The Web now has more than one billion unique pages. The server with the biggest market share is Apache (60%), and the most common domain is .com (55%), trailed by .net, .edu, .org, .gov and .mil, in that order (but, inexplicably, they don't add up to more than about 65%). Most documents (87%) are in English. (Source: http://www.inktomi.com/webmap.)
The new NEH Preservation Assistance Grant Program awards grants of up to $5,000 on a competitive basis and sponsors projects that support the preservation of materials in libraries, archives, museums, and historical organizations. These projects may be preservation surveys, consultations with professionals to develop a plan, attendance at preservation workshops and courses, and purchase of preservation supplies, equipment and storage furniture.
Institutions from 14 states that have been underserved in the past will be given preference: AL, AK, FL, ID, LA, MO, MO, MT, NV, ND, OH, OK, PR, TX, WA and WY. To apply, go to NEH's website, http://www.neh.gov/, or call 202/606-8570. UMCA, NEDCC and other regional conservation centers can give further information.
The AIC Health & Safety Committee will sponsor a Mold Remediation Workshop at the 2000 Annual Meeting in Philadelphia, Tuesday June 13 (9-4 pm). Instructors will be Dr. Elliott Horner and Philip Morey. (Morey's name should be familiar to readers of this newsletter.) Fee: $90 AIC members, $140 nonmembers; registration limited to 50 participants.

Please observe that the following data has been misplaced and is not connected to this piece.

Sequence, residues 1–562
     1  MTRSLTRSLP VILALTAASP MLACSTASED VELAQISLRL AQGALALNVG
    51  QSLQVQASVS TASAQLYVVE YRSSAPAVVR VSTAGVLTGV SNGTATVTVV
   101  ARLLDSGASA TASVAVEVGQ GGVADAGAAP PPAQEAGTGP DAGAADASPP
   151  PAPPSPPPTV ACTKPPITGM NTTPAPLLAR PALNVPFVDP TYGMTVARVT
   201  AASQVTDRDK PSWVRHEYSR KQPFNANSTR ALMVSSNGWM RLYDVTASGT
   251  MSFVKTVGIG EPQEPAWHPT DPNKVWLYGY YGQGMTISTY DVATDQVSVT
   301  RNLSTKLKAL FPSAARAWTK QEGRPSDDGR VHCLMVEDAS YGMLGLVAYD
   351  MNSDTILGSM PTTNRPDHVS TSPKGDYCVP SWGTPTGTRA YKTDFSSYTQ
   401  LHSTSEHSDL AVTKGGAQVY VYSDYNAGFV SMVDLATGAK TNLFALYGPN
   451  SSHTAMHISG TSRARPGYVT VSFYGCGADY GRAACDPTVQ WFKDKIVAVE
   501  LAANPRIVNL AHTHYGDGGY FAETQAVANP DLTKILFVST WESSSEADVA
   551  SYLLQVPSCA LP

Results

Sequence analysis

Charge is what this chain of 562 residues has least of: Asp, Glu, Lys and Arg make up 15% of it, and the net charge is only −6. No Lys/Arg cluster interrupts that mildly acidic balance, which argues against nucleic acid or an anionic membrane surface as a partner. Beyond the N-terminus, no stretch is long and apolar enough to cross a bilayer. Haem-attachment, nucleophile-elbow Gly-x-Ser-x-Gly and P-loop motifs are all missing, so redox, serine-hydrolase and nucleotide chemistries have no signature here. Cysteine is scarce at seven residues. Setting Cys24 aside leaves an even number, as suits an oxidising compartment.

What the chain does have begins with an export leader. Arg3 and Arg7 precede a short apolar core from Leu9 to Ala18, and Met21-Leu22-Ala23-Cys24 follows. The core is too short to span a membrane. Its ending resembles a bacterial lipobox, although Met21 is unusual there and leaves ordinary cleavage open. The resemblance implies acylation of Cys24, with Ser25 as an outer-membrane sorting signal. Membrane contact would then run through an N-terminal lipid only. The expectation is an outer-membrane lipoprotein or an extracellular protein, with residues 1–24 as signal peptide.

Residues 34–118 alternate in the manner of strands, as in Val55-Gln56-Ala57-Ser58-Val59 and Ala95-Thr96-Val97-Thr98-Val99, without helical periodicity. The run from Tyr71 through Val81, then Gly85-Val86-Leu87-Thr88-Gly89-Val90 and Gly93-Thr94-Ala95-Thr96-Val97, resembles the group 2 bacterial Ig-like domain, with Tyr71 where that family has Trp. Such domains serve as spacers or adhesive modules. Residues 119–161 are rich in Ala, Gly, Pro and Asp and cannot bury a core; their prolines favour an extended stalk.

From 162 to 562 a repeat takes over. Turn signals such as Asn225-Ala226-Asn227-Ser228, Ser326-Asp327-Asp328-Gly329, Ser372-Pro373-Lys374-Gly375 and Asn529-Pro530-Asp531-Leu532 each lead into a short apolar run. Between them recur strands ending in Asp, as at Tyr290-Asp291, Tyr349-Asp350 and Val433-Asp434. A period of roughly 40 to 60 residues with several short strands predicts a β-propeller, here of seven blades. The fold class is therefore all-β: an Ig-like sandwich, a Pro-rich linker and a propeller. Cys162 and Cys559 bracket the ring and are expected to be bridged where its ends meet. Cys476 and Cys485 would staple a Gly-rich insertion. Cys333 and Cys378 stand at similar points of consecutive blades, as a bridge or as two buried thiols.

CCI recently put the topic of mold on their priority list.
Recently the New York Times ran a story about how zeolite has been chosen as a possible absorbent for radioactive waste in or near West Valley, New York. As a familiar component in cat litter, zeolite is quite a contrast to the high-tech solutions investigated for containment of radioactive waste in the past.
The idea is to dig a deep trench and bury a wall of zeolite 30 feet across and 26 feet deep, to absorb the radioactive material tainting the ground water. The water will pass through the wall, but not the strontium 90. They want to stop it before it reaches a stream that empties into Lake Erie.
The story explains that zeolite is actually a family of 48 minerals that absorb odors and moisture. The most abundant one, clinoptilolite, has a strong affinity for strontium 90, the radioactive isotope that has been tainting water beneath the plant where it was stored when acid ate through the foundation several decades ago.
It's not that Britain wanted to give up its 800-year-old imperial weights and measurement system, but it was a condition that members of the European Union set for its partners. So a law was passed January 1 that made it a crime to sell most packaged or loose products in imperial measures. It is now forbidden to say the words "pound" or "foot" during any sale; shopkeepers have to use scales calibrated in kilograms. The penalty for infringements is a maximum fine of $8000 and possible imprisonment. There are exceptions, however: draft beer will be sold in pints and road signs will still read in miles, probably because they are not involved in international trade.
In the first issue of Restauro for 2000, on p. 12, there is a photograph and story about a gadget that lets visitors turn the pages of books on display. It was put to use in an exhibit of sketchbooks of the artist Thomas Zacharias, in the Neue Pinakothek in Munich, in January. They call it the "Umblättermaschine."
Timestamp: Sunday, 03-Mar-2013 21:40:03 PST
Retrieved: Saturday, 19-Jan-2019 15:06:36 GMT